Reviews & Awards

This is a comprehensive training manual for the ineffable quality — presence — that lies at the heart of effective psychotherapy. On the basis of extensive research and years of practice, Geller shows us, step-by-step, how to be with our clients so they can be more fully with themselves. Destined to become a classic, this inspired work is essential reading for novice and experienced therapists.
—Christopher Germer, PhD
author of The Mindful Path to Self-Compassion and coeditor of Mindfulness and Psychotherapy, Faculty, Harvard Medical School, Cambridge, MA

Geller provides a new level of understanding of the critical role that therapeutic presence plays in the healing process, bridging clinical experience and knowledge of the neurobiological mechanisms through which psychotherapy works. Brilliantly structured exercises demonstrate how shifts in attention and intention may support or disrupt the client's unconscious surveillance of safety.
—Stephen W. Porges, PhD
Distinguished University Scientist, Kinsey Institute, Indiana University, Bloomington; author of The Polyvagal Theory: Neurophysiological Foundations of Emotions, Attachment, Communication, and Self-Regulation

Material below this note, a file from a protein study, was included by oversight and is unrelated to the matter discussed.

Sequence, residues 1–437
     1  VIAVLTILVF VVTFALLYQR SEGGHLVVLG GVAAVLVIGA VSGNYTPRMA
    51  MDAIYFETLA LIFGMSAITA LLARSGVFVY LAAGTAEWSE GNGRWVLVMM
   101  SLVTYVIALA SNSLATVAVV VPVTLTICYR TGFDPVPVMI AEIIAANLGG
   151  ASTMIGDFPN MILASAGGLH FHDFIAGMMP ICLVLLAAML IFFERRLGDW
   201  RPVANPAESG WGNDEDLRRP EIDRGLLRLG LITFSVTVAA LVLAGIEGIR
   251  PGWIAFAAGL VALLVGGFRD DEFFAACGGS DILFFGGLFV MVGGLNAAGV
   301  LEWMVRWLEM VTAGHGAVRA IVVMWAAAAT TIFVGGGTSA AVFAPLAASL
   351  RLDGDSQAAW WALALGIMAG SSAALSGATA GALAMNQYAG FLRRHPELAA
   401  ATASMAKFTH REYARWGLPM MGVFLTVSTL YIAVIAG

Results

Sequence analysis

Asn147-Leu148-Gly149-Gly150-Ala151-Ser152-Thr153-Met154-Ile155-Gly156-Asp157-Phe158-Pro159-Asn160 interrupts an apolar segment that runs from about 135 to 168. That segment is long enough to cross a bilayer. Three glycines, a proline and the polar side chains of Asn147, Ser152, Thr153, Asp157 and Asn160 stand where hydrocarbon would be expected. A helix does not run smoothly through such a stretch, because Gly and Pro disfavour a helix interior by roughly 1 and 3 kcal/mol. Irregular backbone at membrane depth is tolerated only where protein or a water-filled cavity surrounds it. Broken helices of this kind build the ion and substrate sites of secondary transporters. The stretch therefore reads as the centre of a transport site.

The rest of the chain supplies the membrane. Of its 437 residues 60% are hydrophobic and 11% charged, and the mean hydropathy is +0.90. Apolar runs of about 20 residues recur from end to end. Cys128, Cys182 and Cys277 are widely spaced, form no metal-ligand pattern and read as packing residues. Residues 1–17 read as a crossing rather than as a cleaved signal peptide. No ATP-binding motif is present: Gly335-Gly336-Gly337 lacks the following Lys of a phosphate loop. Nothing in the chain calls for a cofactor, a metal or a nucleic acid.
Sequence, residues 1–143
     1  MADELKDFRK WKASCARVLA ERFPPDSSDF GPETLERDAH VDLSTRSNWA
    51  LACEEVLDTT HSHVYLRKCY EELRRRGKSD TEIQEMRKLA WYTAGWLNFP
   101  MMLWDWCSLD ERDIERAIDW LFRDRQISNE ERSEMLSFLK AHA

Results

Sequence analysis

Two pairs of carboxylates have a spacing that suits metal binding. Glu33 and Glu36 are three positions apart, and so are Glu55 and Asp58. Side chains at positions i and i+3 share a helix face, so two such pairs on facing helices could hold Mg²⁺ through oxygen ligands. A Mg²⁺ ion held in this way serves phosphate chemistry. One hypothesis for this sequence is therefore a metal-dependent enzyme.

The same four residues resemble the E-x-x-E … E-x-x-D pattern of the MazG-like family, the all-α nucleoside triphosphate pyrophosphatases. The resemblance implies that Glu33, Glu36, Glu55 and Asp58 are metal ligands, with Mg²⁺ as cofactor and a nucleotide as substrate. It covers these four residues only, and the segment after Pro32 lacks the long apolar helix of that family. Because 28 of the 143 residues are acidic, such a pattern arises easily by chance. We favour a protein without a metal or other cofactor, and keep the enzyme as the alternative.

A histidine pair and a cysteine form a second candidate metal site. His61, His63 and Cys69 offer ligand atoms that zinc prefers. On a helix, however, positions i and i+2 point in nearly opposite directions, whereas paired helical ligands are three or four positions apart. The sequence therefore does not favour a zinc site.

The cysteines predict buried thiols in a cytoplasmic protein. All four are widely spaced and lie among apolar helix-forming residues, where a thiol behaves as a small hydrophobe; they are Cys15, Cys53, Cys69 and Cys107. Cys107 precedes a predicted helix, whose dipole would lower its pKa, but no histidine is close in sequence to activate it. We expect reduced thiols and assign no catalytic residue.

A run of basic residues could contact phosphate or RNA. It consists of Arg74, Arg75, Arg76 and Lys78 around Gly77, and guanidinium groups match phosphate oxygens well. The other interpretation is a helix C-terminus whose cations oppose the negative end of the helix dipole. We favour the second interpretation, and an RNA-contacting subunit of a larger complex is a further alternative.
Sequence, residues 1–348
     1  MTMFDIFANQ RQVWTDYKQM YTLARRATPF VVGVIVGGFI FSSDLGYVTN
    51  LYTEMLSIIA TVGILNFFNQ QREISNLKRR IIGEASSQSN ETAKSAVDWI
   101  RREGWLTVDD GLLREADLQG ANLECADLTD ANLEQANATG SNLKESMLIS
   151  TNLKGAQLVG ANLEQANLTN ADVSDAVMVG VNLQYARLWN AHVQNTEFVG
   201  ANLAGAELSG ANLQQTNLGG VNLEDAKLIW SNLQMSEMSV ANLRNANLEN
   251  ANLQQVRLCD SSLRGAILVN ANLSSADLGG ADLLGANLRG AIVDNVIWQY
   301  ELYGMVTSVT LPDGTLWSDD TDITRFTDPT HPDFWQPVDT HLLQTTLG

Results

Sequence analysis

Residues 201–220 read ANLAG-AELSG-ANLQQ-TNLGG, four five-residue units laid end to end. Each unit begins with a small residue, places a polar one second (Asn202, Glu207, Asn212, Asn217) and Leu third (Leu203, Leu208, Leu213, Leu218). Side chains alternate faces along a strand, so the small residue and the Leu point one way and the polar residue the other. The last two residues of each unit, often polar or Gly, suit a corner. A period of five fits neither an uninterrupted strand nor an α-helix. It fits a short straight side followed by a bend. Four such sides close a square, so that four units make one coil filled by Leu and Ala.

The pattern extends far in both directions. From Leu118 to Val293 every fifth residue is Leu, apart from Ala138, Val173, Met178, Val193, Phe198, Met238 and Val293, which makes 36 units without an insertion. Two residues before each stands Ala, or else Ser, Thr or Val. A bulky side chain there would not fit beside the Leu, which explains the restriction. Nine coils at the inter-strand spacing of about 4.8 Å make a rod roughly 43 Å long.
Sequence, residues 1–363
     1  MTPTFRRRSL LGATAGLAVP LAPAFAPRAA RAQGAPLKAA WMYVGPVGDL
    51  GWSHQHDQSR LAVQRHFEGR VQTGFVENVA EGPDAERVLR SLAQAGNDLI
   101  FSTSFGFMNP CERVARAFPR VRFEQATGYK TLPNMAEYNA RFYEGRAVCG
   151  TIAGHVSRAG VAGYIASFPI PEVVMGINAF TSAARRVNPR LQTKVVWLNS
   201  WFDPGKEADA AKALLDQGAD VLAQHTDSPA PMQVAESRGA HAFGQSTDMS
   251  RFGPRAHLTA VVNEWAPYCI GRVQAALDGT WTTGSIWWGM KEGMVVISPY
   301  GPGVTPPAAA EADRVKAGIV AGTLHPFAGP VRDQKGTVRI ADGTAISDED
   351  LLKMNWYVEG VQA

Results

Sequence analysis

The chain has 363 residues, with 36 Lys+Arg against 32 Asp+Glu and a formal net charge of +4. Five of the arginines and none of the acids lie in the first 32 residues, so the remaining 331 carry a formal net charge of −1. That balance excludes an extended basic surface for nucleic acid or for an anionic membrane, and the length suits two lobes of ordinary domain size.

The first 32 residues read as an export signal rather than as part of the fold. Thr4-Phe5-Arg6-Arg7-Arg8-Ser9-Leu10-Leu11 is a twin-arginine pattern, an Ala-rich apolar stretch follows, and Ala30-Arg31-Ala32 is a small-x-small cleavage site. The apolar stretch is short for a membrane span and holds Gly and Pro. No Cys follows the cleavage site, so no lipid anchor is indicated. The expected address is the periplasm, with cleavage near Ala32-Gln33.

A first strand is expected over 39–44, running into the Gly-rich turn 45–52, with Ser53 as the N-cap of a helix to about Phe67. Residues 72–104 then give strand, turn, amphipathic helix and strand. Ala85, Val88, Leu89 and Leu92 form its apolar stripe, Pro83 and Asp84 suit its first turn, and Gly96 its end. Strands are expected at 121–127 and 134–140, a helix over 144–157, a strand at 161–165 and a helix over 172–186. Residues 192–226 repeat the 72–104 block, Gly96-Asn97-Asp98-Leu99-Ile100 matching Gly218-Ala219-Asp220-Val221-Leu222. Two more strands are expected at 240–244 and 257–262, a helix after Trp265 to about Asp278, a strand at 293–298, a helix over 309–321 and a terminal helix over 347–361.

In this clinically and theoretically rich volume, Geller provides a superb synthesis of theory and principles emerging out of the humanistic-experiential tradition, meditative and Eastern wisdom traditions, and neuroscience literature, to articulate the critical role that therapeutic presence plays in psychotherapy. With a focus on the present moment in psychotherapy, Geller explains the importance of therapists' being grounded and centered in their own embodied experience, immersed in the moment, open and receptive, and compassionately attuned to their clients. This book provides clear guidelines and therapist exercises that clinicians of all orientations will find invaluable.
—Jeremy D. Safran, PhD
Professor of Psychology, The New School for Social Research, New York, NY